Author Archives: brian Maafi

Green Bay Packers: First 53 Man Roster Prediction

Credit: Larry Radloff/Icon Sportswire via Getty Images

My first 53 man roster predication of the year. This is post mini-camp, pre training camp. Something fans seem to forget when putting together a 53 man roster is that it NFL teams do not just pick the 53 best players. Since 1/4 of the players on a roster are going to be role players. They will need guys to play special teams, guys who can back up at multiple positions, and a balanced roster. So with my prediction I try to follow those rules. You can find the current roster here.


Aaron Rodgers, Jordan Love

I would love for them to keep Kurt Benkert. I feel he has #2 quarterback potential, but it just doesn’t make sense in this day and age. I’m pretty sure they would love to have him back on the practice squad.


Aaron Jones, AJ Dillon, Patrick Taylor

The top two are super easy. Jones and Dillon will see the lions share of snaps/carries. The battle will be for the #3/#4 back. With Kylin Hill coming of the ACL tear he will end up starting the season on the PUP and I feel Taylor offers the best of both worlds for the #3 spot. He can do a bit of everything and he still has some upside. Goodson and Baylor should have shots at being on the practice squad.


Allen Lazard, Sammy Watkins, Christian Watson, Romeo Doubs, Randall Cobb, Amari Rodgers

A lot of people want to keep Samori Toure and I get it, but right now I don’t see a spot on the roster for him. He struggles with press coverage and he is more of a slot receiver. The Packers already have two slot receivers. LaFleur rarely uses four receiver sets. Also with the lack of experience at wide receiver on the roster its expected they will lean on their running game and use their backs in the passing game. Toure can play special teams but so can Doubs, Lazard and Watson. So I see Toure spending a season on the practice squad getting stronger.


Marcedes Lewis, Josiah Deguara, Tyler Davis, Dominique Daffney

This group was another easy group to figure out. Lewis is your blocker, Deguara is your hback, Davis is kind of the do it all guy, and Daffney is the hback/full back type guy. Robert Tonyan starts the year on the PUP. Out of the other two tight ends on the roster I think Wolf probably has the best shot at being back on the practice squad.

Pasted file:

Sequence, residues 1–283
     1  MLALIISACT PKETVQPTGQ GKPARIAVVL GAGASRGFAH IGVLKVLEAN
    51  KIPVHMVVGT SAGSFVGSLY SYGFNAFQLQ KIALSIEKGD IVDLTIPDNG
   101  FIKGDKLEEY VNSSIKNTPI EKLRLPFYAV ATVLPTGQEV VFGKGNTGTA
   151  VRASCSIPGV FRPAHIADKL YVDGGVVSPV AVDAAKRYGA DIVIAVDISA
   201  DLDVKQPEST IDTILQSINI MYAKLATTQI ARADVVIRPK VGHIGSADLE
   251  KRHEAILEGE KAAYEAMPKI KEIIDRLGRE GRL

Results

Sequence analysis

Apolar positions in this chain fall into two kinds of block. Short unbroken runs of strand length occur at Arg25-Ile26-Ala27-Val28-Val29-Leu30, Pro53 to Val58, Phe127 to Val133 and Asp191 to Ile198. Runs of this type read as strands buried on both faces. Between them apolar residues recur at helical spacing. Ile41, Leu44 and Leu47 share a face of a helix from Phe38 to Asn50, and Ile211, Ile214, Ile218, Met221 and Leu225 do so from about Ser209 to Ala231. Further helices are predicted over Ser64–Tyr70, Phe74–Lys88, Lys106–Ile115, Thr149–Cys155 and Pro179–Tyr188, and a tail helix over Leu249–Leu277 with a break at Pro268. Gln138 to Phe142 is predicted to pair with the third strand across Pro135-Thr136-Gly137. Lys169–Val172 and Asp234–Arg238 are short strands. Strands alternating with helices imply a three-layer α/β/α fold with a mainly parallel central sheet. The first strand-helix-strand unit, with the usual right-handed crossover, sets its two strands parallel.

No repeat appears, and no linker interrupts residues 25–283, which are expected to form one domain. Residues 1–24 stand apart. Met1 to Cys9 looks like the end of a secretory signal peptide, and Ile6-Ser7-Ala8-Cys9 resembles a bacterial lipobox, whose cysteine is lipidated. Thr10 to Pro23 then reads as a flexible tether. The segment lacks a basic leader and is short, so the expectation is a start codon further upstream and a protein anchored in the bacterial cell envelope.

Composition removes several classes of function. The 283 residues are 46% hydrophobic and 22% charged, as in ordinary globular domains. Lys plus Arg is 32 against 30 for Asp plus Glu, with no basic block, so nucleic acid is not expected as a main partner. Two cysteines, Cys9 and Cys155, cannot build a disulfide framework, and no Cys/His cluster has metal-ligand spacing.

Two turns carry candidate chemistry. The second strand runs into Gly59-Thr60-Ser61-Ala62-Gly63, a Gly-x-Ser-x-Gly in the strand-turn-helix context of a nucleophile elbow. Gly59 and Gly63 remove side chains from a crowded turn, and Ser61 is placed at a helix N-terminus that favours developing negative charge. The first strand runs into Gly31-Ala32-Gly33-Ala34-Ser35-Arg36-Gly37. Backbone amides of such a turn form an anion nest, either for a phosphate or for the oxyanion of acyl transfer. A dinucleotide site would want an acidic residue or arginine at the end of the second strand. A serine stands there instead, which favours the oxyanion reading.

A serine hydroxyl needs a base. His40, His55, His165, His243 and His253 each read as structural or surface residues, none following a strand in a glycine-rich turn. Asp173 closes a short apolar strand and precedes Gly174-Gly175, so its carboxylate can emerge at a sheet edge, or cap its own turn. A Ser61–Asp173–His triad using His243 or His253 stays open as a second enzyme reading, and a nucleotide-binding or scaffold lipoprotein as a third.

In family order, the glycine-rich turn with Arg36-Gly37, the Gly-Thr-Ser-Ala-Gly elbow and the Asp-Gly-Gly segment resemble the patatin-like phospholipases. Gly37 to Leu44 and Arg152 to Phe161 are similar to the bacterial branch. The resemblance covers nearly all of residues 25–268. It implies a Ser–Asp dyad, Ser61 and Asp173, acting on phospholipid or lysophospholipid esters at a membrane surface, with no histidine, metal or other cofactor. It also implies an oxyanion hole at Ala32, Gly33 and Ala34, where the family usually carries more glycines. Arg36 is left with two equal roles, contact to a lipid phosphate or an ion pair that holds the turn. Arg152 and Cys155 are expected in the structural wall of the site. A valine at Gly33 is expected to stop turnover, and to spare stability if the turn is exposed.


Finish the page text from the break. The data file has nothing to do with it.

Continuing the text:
David Bakhtiari, Jon Runyan, Josh Myers, Royce Newman, Yosh Nijman, Sean Rhyan, Cole Van Lanen, Zach Tom, Jake Hanson, Rasheed Walker

The only debate with this group was whether to keep 9 or 10. Hanson and Van Lanen were the border line guys. With Jenkins likely starting the season on the PUP I think they go with 10 and probably Van Lanen gets cut. Every offensive lineman on this roster has positional versatility outside of Bakhtiari, Nijman and Walker. Walker could learn guard though.



Kenny Clark, Dean Lowry, TJ Slaton, Devonte Wyatt, Jarran Reed

A number of people want to keep 6 and I get it, but there is no need. The Packers rarely run a three DL front. I don’t see the reason for keeping Jonathan Ford. He is a pure nose tackle and the Packers already have three guys on the roster capable of playing that position. He would just be a waste of a roster spot. They should easily be able to place him on the practice squad. Wyatt and Clark are the pass rushers. Reed and Lowry are kind of the do it all guys and Slaton is the developmental guy that can play some NT and provide a little pass rush.


Rashawn Gary, Preston Smith, Kingsley Enagbare, Randy Ramsey, Jonathan Garvin